10 months ago • 1 min
Minutes from the Federal Reserve’s (the Fed) latest meeting earlier this month showed that “almost all” members agreed with a 0.25 percentage point hike – and “a few” were even in favor of a bigger 0.50 hike. And because a slew of hot-to-touch economic and inflation data has been released since that meeting, you can bet the Fed’s probably pretty serious about keeping rates higher than the market previously expected.
For investors, it’s a strong message: unless it’s extremely clear that inflation and the economy are truly slowing, the Fed’s unlikely to change its stance. But estimating the trajectory of growth and inflation isn’t exactly rocket science. See, it can take a while for clear trends to emerge in economic data, and by the time they do, it’s often too late to pre-emptively act. That’s why “hard landings” (nasty recessions) tend to start as “soft landings” (smooth slowdowns) and then catch investors by surprise. And that means there’s a chance the Fed could keep hiking rates even when the economy is already slowing.
Of course, it’s possible that the economy is indeed really robust this time, and we might well see inflation drop without the economy suffering a nasty recession. But every time the Fed hikes rates or keep them high, it means more mixed signals about the economy and a higher risk of accident for risky assets like stocks. So sure, hope for the best, but prepare for the worst.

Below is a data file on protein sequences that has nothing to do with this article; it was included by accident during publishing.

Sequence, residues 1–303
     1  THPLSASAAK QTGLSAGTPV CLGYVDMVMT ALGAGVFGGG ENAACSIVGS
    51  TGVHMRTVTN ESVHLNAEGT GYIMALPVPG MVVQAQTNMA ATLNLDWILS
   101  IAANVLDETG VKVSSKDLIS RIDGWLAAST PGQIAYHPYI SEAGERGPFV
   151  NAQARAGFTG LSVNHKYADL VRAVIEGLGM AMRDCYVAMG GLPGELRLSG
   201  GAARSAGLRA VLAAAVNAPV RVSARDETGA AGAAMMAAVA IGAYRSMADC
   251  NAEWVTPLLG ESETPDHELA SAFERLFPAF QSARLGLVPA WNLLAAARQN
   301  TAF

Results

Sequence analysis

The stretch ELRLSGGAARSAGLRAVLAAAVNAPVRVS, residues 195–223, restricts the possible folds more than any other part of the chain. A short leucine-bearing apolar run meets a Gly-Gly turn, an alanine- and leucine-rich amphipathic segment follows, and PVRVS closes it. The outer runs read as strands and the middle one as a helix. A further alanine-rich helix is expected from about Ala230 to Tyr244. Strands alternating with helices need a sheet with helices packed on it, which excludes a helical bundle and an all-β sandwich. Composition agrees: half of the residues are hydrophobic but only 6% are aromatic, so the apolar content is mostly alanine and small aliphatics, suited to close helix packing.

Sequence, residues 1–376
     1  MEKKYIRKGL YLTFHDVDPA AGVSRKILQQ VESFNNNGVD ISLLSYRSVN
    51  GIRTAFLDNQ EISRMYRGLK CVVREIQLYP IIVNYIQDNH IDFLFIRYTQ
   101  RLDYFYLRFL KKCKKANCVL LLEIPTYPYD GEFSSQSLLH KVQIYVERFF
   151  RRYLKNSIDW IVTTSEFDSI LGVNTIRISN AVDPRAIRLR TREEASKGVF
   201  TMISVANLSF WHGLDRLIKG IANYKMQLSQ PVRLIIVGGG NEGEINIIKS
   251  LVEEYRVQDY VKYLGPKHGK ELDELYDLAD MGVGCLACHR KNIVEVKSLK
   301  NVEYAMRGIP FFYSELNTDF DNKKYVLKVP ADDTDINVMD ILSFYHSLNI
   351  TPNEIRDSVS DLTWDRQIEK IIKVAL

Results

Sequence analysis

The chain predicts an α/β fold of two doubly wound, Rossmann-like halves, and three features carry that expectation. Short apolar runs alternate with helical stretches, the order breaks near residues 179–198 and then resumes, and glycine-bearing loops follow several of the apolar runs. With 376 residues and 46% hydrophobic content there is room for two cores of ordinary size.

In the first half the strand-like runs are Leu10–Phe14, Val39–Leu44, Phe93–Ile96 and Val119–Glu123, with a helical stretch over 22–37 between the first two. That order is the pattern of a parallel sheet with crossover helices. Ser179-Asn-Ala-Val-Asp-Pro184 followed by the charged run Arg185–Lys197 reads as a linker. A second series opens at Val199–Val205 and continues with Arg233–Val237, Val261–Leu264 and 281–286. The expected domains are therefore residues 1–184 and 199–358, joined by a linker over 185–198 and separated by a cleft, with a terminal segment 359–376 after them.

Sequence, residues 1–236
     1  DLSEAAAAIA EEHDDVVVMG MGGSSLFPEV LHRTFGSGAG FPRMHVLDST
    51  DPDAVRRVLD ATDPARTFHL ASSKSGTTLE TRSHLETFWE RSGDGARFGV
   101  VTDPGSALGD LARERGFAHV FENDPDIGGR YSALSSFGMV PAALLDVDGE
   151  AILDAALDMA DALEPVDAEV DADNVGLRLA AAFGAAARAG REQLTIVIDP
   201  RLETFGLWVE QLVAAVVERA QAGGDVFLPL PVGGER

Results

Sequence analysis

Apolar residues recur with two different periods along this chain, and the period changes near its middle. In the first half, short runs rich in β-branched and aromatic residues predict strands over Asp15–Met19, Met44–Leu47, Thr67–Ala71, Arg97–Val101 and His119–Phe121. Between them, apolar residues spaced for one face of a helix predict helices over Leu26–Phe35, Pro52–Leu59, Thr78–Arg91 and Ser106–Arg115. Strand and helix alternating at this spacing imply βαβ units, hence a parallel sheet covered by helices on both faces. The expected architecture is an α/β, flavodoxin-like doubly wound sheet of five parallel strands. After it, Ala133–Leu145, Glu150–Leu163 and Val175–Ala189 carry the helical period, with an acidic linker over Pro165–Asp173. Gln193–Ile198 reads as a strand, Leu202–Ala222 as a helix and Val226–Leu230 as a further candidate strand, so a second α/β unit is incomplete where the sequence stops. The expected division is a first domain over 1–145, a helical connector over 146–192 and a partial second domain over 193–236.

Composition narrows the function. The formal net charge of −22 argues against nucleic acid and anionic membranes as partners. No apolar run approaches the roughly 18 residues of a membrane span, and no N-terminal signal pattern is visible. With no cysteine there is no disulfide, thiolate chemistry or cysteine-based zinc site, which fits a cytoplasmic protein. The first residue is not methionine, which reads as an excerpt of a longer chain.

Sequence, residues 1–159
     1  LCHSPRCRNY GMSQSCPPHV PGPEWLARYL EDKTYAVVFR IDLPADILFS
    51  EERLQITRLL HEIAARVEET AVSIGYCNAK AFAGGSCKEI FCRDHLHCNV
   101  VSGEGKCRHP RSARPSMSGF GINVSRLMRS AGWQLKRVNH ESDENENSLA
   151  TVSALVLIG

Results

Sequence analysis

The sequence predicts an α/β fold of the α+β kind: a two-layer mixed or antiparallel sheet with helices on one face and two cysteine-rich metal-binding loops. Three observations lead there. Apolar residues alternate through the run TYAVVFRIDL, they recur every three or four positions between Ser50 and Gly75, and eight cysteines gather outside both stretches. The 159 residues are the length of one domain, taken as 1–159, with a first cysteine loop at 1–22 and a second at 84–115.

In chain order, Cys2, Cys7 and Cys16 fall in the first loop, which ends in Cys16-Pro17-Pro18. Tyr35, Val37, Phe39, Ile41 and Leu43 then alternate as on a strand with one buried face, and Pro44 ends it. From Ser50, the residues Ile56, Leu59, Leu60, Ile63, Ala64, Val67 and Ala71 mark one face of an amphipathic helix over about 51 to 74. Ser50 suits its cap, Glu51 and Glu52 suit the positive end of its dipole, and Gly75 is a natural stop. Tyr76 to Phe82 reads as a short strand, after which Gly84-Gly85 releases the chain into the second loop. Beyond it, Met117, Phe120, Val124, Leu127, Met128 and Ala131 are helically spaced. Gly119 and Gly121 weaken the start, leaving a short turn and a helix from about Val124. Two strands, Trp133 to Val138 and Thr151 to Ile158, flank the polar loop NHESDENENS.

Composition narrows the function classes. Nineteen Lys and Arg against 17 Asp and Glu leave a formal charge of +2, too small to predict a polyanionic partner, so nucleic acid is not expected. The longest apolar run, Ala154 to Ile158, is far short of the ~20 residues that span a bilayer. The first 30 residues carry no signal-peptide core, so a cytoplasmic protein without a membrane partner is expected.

Disclaimer: These articles are provided for information purposes only. Occasionally, an opinion about whether to buy or sell a specific investment may be provided. The content is not intended to be a personal recommendation to buy or sell any financial instrument or product, or to adopt any investment strategy as it is not provided based on an assessment of your investing knowledge and experience, your financial situation or your investment objectives. The value of your investments, and the income derived from them, may go down as well as up. You may not get back all the money that you invest. The investments referred to in this article may not be suitable for all investors, and if in doubt, an investor should seek advice from a qualified investment advisor.
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